While painting the varied aspects of and weaving it into a story, cinema also captures the political dynamism of epoch. In our readings of 1970s films, we detected intense battles between liberals and conservatives throughout the decade in mainstream Hollywood, with more radical voices — of the sort that occasionally were heard in the late 1960s and early 1970s — becoming increasingly marginalised.
As the decade progressed, conservative films were becoming more popular (eg Rocky, Star Wars, Close Encounters of the Third Kind, Superman et al) indicating that conservative sentiments were growing in the public and that Hollywood was nurturing these political currents. And even the most socially critical films (such as the Jane Fonda films, Network and other Sidney Lumet films, among others) posited individual solutions to social problems, thus also reinforcing the conservative appeal to individualism and attack on statism. The film Rambo synthesises this "return to Vietnam" cycle with another cycle that shows returning vets transforming themselves from wounded and confused misfits to super warriors (ie Rolling Thunder, Firefox, First Blood). All of these post post-Vietnam syndrome films show the US and the American warrior hero victorious this time and thus exhibit a symptom of an inability to accept defeat. They also provide symbolic compensation for loss, shame, and guilt by depicting the US as "good" and this time victorious, while its communist enemies are represented as the incarnation of "evil" who this time receive a well-deserved defeat. Cumulatively, the return-to-Vietnam films, therefore, exhibit a defensive and compensatory response to military defeat in Vietnam and, I would argue, an inability to learn the lessons of the limitations of US power and the complex mixture of good and evil involved in almost all historical undertakings.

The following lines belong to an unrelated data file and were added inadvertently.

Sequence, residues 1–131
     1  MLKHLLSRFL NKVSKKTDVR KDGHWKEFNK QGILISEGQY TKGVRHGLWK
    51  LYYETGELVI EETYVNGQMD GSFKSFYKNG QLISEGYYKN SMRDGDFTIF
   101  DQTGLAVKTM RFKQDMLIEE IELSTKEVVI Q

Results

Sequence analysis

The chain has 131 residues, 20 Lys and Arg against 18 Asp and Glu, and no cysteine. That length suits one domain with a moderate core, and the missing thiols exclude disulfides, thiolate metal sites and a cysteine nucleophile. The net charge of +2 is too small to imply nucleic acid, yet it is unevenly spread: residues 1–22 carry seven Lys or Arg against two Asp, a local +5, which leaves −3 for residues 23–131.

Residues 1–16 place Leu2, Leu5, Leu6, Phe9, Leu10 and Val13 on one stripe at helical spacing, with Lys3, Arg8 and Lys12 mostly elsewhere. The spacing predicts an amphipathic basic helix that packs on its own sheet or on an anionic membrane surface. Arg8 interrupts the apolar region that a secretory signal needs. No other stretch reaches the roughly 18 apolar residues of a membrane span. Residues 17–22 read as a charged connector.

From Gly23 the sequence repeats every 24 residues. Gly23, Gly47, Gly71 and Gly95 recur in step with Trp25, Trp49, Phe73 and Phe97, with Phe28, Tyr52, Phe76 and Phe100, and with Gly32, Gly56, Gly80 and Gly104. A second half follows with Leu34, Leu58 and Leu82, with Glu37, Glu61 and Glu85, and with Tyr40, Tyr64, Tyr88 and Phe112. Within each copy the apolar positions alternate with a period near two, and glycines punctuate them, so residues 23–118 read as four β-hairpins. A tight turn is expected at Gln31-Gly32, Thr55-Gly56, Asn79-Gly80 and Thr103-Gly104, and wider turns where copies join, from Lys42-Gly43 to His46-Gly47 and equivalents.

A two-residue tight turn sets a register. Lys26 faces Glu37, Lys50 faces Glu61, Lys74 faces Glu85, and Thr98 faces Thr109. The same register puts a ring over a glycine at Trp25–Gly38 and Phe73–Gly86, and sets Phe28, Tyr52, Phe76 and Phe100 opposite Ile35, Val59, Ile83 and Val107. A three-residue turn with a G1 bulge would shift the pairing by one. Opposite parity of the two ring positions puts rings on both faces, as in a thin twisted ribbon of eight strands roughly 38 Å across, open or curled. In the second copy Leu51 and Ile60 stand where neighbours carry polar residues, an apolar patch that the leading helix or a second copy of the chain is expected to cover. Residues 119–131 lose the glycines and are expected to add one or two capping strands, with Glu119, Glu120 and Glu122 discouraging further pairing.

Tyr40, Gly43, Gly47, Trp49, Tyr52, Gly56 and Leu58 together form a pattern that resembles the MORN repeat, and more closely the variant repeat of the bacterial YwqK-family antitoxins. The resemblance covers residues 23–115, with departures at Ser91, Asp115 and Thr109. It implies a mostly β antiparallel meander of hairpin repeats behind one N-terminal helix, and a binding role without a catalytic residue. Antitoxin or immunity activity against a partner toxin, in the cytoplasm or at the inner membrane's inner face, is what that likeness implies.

The Mirage of Objectivity
The film as a vehicle of information is as susceptible as any other medium to the enthusiasm and bias of a director who aims at producing a certain effect on his audience. The compilation of a documentary film is not unlike the writing of history. Each process entails the selection and presentation of facts. It is of course quite impossible to rule out bias in work of this kind; a man's mind is at all times receiving impressions and forming judgments. But the same criterion which we apply to the historian can be applied to the documentary producer: be his "faith" what it may, it must not lead him into deliberate falsification or suppression. With an impassioned speech on the film’s ability to incite an emotional response, one could not help but realise the authority of the film industry.
Bollywood and glorification of Hindutva
For the last few years, the cultural affiliation of Bollywood has been shifting towards a more forceful expression of Hindutva. For a very long time, the films have resonated with dominant majoritarian culture, but in recent past, they have been politically channelised to target a section of the Indian community. When Thackeray succeeded at the Box Office and enjoyed popularity across India, one thing was clear, that Hindu nationalist image of Bal Thackeray outweighed his nativist image. Similarly, the movie Padmavat and the controversy about its release presents the perils of glorification of majoritarian encroachment over Indian cinema.
All this being said, it is essential that moviegoers maintain a critical eye when viewing films. As a tool of propaganda, cinema can either create divides or bridge them. So often it has been used with the former goal in mind, but by remaining a critical and rational viewer, one can prevent this unfortunate outcome.
Bhaskar Kumar and Prannv Dhawan are students of National Law School of India University, Bengaluru. Prannv Dhawan is the Founding Editor of the Law School Policy Review.